“I believe Peter Hartley, the district manager from DPaW, has been the primary driver behind the push on rock fishing safety and he deserves a big pat on the back for his efforts.”

With our state government 3-year rock fishing safety funding coming to a close, Recfishwest will be pushing to receive another round of funding to keep fishers safe in WA and incite behaviour change within our communities.

Catch Salmon and Return Home this Easter

Catch Salmon and Return Home Safe this Easter

With the Easter long weekend approaching, Recfishwest are reminding people to take personal responsibility and stay safe when fishing this salmon season.  Recfishwest Chief Executive Officer Dr Andrew Rowland said locations such as Albany and Esperance welcome a large population increase during the Easter period for the great salmon run on their annual migration around the West Australian coast.

“Salmon are a superb sports fish, however, it’s not worth putting your life at risk when the salmon turn up” Dr Rowland said.

South coast locations popular with salmon fishes often see unpredictable weather and large swells which can make fishing from the rocks dangerous.

“The excitement of a good salmon run often sees people overlook simple steps that ensure their safety, as they rush to go fishing from the rocks unprepared.”
“For those fishing this Easter, Recfishwest strongly recommends fishing from the beach.’’ Dr Rowland said.

Local Albany fishermen and well respected fishing safety advocate Andrew Jarvis urges people to stay off the rocks.

‘’We simply do not want anymore more deaths. If you must fish from the rocks make sure you are prepared.”

Dr Rowland praised the tireless work by community groups, volunteers and state and local governments to make fishers safe, especially on the south coast.

“The work that has been done in Esperance, Albany and surrounds, which are our most high risk locations, to make people safe is enormous and a big thank you to the people making people aware of safe fishing practices in the those areas” Dr Rowland said.

Recfishwest continues to promote and support the Free Loan Life Jacket Scheme in 20 tackle stores around the state, where fishers can go in and hire a free life jacket before the head out fishing.
“If the right precautions are followed, fishing from the rocks can be a safe activity.’’ Dr Rowland said.

If you must fish from the rocks, Recfishwest wants fishers to understand the simple rock fishing safety messages:
• Know how to swim
• Wear a life jacket
• Never fish alone
• Observe first, fish later
• Wear appropriate clothing and footwear
• Be familiar with public safety equipment
• Tell someone your plans.

Lobster Etiquette a Must

The annual recreational lobster season has started in fine style and Recfishwest wants to remind all recreational fishers to act responsibly when targeting these valuable crustaceans.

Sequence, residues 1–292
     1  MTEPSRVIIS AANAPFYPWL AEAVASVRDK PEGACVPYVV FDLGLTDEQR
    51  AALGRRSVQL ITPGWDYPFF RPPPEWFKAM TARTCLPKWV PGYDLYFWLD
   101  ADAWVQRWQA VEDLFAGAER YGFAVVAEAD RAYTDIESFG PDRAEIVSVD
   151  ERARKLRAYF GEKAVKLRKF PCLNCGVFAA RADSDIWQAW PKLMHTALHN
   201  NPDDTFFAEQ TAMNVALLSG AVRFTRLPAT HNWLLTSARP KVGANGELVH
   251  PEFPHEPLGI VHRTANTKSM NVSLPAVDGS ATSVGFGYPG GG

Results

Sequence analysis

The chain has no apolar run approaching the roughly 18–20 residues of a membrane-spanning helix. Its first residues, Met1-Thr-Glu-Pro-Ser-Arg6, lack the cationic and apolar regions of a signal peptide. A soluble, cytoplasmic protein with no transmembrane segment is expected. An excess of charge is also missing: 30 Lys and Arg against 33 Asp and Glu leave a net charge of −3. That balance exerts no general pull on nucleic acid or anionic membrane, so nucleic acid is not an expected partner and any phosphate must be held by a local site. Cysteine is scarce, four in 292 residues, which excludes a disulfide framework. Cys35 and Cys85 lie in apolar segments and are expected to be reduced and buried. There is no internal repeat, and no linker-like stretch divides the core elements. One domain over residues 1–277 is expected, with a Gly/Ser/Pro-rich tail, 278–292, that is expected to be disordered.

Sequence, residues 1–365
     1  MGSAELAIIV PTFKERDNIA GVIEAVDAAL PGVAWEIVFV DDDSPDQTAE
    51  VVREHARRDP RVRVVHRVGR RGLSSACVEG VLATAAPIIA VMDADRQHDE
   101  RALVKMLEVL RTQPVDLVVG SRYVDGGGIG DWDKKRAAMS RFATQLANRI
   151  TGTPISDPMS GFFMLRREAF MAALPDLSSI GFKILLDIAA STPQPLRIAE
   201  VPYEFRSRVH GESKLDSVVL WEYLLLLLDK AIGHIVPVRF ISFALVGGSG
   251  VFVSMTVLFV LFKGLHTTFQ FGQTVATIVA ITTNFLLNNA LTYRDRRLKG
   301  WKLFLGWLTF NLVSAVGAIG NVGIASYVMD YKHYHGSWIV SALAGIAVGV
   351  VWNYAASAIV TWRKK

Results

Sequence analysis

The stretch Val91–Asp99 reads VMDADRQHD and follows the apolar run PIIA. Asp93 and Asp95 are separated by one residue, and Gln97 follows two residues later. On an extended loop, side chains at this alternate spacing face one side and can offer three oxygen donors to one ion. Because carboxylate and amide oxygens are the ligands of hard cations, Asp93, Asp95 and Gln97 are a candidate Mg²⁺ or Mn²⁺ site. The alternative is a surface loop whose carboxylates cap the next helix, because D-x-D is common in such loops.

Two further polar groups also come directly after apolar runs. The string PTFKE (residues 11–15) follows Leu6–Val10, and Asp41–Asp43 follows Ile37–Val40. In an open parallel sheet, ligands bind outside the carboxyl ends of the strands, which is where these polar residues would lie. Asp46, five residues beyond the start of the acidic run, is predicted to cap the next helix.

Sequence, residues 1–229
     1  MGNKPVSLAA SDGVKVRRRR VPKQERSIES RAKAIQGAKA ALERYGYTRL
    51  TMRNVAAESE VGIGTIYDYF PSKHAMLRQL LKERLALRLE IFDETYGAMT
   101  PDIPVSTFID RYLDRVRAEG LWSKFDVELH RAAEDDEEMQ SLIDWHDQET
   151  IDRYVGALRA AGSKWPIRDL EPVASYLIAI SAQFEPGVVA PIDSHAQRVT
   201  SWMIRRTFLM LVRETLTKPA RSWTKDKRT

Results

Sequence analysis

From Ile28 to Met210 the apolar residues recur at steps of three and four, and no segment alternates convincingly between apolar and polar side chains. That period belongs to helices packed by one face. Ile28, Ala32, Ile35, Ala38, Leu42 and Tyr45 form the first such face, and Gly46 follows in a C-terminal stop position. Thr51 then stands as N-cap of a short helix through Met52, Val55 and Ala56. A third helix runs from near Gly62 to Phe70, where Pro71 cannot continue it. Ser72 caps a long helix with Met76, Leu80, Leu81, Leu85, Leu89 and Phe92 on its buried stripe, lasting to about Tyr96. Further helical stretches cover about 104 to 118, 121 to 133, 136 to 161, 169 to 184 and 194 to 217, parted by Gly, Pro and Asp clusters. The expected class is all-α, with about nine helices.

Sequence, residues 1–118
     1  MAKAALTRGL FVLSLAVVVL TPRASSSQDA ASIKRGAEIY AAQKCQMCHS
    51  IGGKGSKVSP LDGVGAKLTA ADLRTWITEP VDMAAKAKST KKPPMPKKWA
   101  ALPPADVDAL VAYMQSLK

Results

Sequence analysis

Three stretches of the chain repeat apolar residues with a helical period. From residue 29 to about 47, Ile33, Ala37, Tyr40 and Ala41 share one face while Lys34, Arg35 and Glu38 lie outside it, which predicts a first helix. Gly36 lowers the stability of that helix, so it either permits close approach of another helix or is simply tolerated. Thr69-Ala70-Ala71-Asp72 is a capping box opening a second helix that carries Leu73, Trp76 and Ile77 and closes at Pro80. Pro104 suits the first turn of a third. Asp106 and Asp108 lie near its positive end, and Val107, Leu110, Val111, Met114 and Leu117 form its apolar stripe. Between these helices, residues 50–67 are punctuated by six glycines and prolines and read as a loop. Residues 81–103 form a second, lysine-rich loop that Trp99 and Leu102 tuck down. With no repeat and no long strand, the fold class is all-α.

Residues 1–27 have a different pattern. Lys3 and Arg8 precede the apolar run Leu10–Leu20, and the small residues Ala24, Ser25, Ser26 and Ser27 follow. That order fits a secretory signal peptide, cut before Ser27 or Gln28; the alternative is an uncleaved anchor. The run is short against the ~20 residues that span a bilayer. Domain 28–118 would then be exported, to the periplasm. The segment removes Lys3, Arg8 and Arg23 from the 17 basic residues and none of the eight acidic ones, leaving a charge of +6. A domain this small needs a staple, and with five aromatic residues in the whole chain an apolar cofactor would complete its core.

Last year, there were many reports of pots belonging to recreational fishers being illegally interfered with. These included witnesses seeing their pots pulled by other people, and of pots also being removed.

Some pot thieves are suspected of cutting off floats and replacing them with their own, while there were also suspicions of divers removing lobster from pots. There are significant fines for tampering with other people’s pots and recreational fishers are also reminded pots cannot be pulled before 4.30am.  Anyone diving for crays is also reminded to make sure they use a dive flag, to alert other marine users to their presence.

As with any type of fishing, safety is paramount for all involved.  Fishing rigs that become entangled with lobster pots have the potential to cause severe injury to anyone who subsequently pulls the pot.  If you lose a rig to a lobster pot rope, take steps to mark the rope to alert the owner of the pot to the danger. The best idea is to tie a tag of some kind to the rope or tie the floats together if the pot has more than one float.

Boating safety is also paramount when lobster fishing and in addition to having all the required safety equipment there are some simple steps to reduce the risk of rope entanglement. These steps include using non-buoyant upper line , coiling surplus line, using a highly visible float and not setting pots on the leads to anchorages. Boaties can also reduce the risk of becoming entangled by keeping a good look out, not traveling at night and passing on the leeward side of a float.

Check the weather conditions before launching and leave the pots for another day if the ocean is likely to be too rough to ensure safety.
Observing boat ramp etiquette is also important for lobster fishers – be mindful of your place in the queue when both launching and retrieving and always have your boat ready for launch before you back down the ramp.

Make sure you have a rope on the boat to tie it off to the jetty and try the motor before you put the boat in the water.  Once you start pulling the pots, remember to always clip the tails of any lobster you intend to keep within five minutes of catching them.  Always measure your lobsters before keeping them, with a legal minimum carapace length of 76mm for Western Rock Lobster.

Southern Rock Lobster – Legal Carapace size of 98.5mm. Western Rock Lobster’s are legal at 76mm
Undersized lobster, and lobsters in reproductive condition (berried, seatosed and tar spot), must be returned to the water . You need a current licence from Fisheries to fish for lobster and the daily bag limit is eight per licence holder for Western and Southern Rock Lobsters and 4 per day for Tropical and Ornate Lobsters.

As you would have heard, new lobster rules to benefit lobster fishers are now available on the Dept of Fisheries website.